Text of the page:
Director John Doyle may have to find actors who can play instruments for his various productions of classic musicals, most recently Company. The producers of Avenue Q may have to search for singing actors who are also handy with a puppet. But for his new musical 13, composer Jason Robert Brown had an equally special challenge.He had to put together a cast made up entirely of triple-threat teenagers. If that wasn’t hard enough, the show’s orchestra is also comprised of adolescents. It gives a new meaning to the term “children’s theatre.” The Tony-winning Brown talked to Playbill.com after the first Mark Taper Forum preview of a show that he hopes will appeal to audiences of all ages.
Playbill.com: What was the impetus behind 13?
Jason Robert Brown: I really did want to write something for teenagers. I felt like, of all the things I had to say, the thing I had to say at this moment was…something about growing up and being that age.
Playbill.com: How did you meet your bookwriter Dan Elish?
JRB: Dan Elish was a friend of a friend of a friend. He had heard me—I had done some interview where I had said that what I wanted to do was write a musical about dancing teenagers. I had said it as a sort of flip comment. Dan heard that and he wrote to me and said, “I want to write a musical about dancing teenagers, too, and I love your work.” He sent me a copy of a book he had written called “Born Too Short” and he wrote me this funny letter. And I said, “Well, that’s great. I’m not really sure I meant what I said about dancing teenagers, but now that I’ve got all this stuff, let me see what happens.” It wasn’t until about a year later that I said, “You know what? I have an idea about teenagers that I want to work on.”
Playbill.com: Is the story for the musical completely original?
JRB: It’s not adapted from anything. It’s a story that I came up with and then Dan and I fleshed it out.
Playbill.com: Are any parts of the musical based on things that happened to you as a teenager?
JRB. No. At least not intentionally. My work is always sort of autobiographical in a sort of roundabout way, so I’m sure there’s plenty of me wandering around in the course of the show. I couldn’t literally point to any event in the show and say that happened to me. Emotionally, it all feels true; it all feels like my life.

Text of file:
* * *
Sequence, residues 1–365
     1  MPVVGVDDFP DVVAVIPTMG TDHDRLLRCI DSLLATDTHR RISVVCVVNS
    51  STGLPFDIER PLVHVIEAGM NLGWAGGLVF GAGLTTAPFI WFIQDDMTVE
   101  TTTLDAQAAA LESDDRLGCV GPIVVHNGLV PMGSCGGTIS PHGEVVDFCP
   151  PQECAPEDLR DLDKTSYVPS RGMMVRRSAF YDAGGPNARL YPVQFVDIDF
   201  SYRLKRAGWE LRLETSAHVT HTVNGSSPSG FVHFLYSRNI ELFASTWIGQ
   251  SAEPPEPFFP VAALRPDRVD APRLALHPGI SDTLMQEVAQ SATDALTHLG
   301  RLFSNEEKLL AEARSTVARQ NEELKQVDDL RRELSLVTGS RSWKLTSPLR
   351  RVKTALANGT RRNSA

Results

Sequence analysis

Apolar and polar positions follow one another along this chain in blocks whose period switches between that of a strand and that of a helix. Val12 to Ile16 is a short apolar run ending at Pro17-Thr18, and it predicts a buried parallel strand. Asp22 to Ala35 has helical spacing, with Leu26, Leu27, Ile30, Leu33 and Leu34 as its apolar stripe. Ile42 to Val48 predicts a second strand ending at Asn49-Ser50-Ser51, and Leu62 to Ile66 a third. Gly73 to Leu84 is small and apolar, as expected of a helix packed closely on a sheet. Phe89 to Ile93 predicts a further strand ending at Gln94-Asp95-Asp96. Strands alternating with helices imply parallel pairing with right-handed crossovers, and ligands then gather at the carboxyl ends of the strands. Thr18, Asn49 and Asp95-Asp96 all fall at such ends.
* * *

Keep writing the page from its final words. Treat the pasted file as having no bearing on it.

Playbill.com: The plays centers around one boy’s bar mitzvah.
JRB: More or less. It centers around Evan, who is a nice Jewish boy from the Upper West Side and he moves to a little town in Indiana. The show is about his struggle to figure out which crowd he’s supposed to be a part of, where he’s supposed to fit in.
Playbill.com: The show has been cast completely with teenagers. Was it difficult to find a cast that was to your liking?
JRB: Absolutely. It was well nigh impossible. There are plenty of talented kids, but these were kids who needed to have a whole lot of theatrical discipline. They needed to be able to speak on stage, to sing, to dance, to make jokes land. I thought it was going to be easier. I thought: they’re just plain teenagers; they don’t need to be such great actors, they can just play themselves. But it turned out to be trickier than I thought.
Playbill.com: How many rounds of auditions were there?
JRB: I’d say we saw over 1,200 kids. And the band is also kids. Outside of the music director, who is a grown-up—more or less—the rest of the members of the band are 14 and 15 years old.
Playbill.com: What has been the reaction of the audience so far?
JRB: It’s a hard show not to root for. Everybody wants to watch what these kids can do and we give them a lot of fairly spectacular things to do in the course of the show. We’ve certainly got our work to do, but we knew that going in. The work rules, in terms of how long you’re allowed to rehearse the kids on any given day [are challenging], and they have to go to school. So the rehearsal schedules have been almost labyrinthine. We went to previews a little less prepared than I’d like to be, just because that’s the way that the Equity rules and the California labor rules for kids worked out. We’ve got two more weeks of previews and, since the first preview yesterday, we’ve put in 23 pages of changes, which we’re going to see tonight.
Playbill.com: Are there any plans for the show after the current production?
JRB: There are aspirations. I don’t know of any specific plans. We’ll see how it goes out here and if we’re happy with it when it’s done.
Playbill.com: How is your musical version of the film Honeymoon in Vegas going?
JRB: It’s going well, though obviously I had to put it in neutral while we were doing 13. I’m looking forward to getting back to it. We plan to do a new workshop of the whole thing sometime in May or June.
Playbill.com: Anything else going on?
JRB: I have a piece I’m writing with [playwright and actress] Charlayne Woodard and we’re hopeful to have a draft of that by the summer. It doesn’t have a name yet. And I have some material I’ve been working on. I have a concert at the Allen Room in Lincoln Center on Feb. 9 and week of concerts at Birdland in April, so I’m going to use that to break in a lot of the material.
(Robert Simonson is Playbill.com’s senior correspondent. Reach him at firstname.lastname@example.org.)